Thursday March 16, 2017
Her voice is her instrument and, as she describes it, her primary teaching tool. Others who listen may add the word gift to that list. Soprano Amy Frostman will share her talents at the Hinesburg Artist Series (HAS) 20th Anniversary Concert Sunday, March 19, in Hinesburg. Frostman, who has taught music at Orchard School for 18 years, is the featured guest soloist at the concert. Music director Rufus Patrick, who founded HAS in 1997, says, “Amy has been our featured soloist in several concerts and we are very excited to have her back this year.”
According to Patrick, the March 19 concert features historic church doctrine in more contemporary settings, “John Rutter wrote the ‘Magnificat’ in 1990 and ‘Festival Te Deum’ was composed by René Clausen in 2015. The music from both composers is absolutely stunning. I get chills every time we rehearse.” Also part of the program are performances of ‘Hine Ma Tov’ by Alan Naplan and ‘Make Me an Instrument of Thy Peace’ by Mary McDonald.
For her part, Frostman will be singing two movements of the “Magnificat,” which she describes as having gorgeous melodies. Patrick says, “I have listened to several professional and amateur groups performing the Rutter ‘Magnificat’ and can honestly say nobody sounds better than our own Amy Frostman.” In addition, the soprano joins Betsy Patrick and Amy Patrick for a trio arrangement of Billy Joel’s “And So It Goes.”
A born Vermonter, Frostman was inspired to pursue a career in music education by her Harwood Union High School music teachers, Diane Philips and Chris Rivers. She earned her degree from the University of Cincinnati College - Conservatory of Music. After graduating, she returned to her home state, “I pieced together two teaching positions at Orchard School and what was then Lawrence Barnes Elementary School in Burlington. The following year, I was fortunate enough to become the full time music teacher at Orchard, and have been there ever since.”
Although Frostman acknowledges the challenges of teaching music to 370 students, solely because she wishes she had more time to spend with each one, she says, “I enjoy the energy, playfulness, and creativity that arises in children when they sing, dance, and play instruments together.” She adds, “I also love how making music together fosters a kind and trusting community.”
Frostman first met music director Patrick when she was a student. She describes him as having a contagious passion for music, especially music that brings people together. “He has a great sense of humor, loads of energy, and creates a wonderful sense of community, family really, within his groups.” Since then, the two have even had the opportunity to sing together over the years.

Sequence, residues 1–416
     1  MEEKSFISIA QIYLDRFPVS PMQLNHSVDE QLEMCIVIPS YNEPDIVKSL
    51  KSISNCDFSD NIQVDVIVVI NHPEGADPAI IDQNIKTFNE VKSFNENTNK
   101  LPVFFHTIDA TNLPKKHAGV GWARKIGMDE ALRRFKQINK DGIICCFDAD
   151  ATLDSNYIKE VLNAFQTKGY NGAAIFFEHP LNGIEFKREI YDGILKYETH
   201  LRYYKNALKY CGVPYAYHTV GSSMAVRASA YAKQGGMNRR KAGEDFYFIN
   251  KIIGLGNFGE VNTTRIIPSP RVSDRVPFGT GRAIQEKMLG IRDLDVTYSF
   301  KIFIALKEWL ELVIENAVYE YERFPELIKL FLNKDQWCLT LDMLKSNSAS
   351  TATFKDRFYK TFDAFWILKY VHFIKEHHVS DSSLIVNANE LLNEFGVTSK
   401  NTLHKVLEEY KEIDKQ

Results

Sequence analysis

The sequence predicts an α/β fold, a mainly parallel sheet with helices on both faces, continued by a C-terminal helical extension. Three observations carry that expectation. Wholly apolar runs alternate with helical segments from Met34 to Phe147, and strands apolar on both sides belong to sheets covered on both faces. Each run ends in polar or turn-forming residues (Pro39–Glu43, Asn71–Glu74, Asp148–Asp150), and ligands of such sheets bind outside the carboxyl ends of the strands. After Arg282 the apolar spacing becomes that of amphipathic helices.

Patrick, a well-respected and longtime Vermont music educator, has had a lifetime of creating music in community. He has served as president of the Vermont Music Educators and the New England Music Festival Association. He is a member of the Music Educator’s National Conference Executive Board and has been teaching and conducting for 47 years. He says music has been part of his life since he was a kid, adding, “My great grandfather, grandfather and uncles were members of the Hinesburg Town Band,” which is part of HAS. Patrick currently conducts the South County Chorus, as well as the Hinesburg Community Band, the a cappella group In Accord, the Wake Robin chorus, and the All Souls Interfaith Gathering Choir, as well as being music director for the United Church of Hinesburg. But as HAS holds a soft spot in his heart, he explains, “Let’s say I am heavily invested in the organization, it’s ‘my baby.’”
Along with Frostman, Sunday’s concert will feature other soloists including bass Gary Moreau, alto Amy Patrick, Margaret Roddy on clarinet, and Amy’s husband, Dan Frostman on oboe. Amy says, “Rufus asked me and Dan to pick a piece to perform together. We chose a sweet arrangement by Yo Yo Ma and Allison Kraus of the Shaker tune ‘Simple Gifts.’ Dan and I have loved this piece for a long time, and have adapted it for oboe and voice. Any opportunity to make music with my husband is special to me. We are excited to perform it together.”
Patrick is proud of his HAS choral group and orchestra, who he describes as eclectic groups with a mix of semi-pros and amateurs, in addition to being “an inter-generational phenomenon.” Members range from high school age to an 86-year-old tenor, who, by the way, also plays clarinet. Patrick says, “I feel fortunate to still be able to wave my arms in front of amazing people. Hopefully I inspire them, as they certainly inspire me.”
For Frostman, Sunday’s concert is an opportunity to use music as a gift to share, adding, “For me, the greatest reward in singing is stirring emotion in others. In those moments, it is difficult for me to not be swept away in the music as well!”
Hinesburg Artist Series 20th Anniversary Concert, Sunday, March 19, St. Jude Church, 10759 VT-116, Hinesburg. For more information about the concert and tickets, visit hinesburgartistseries.org, flynntix, or call 802-373-0808.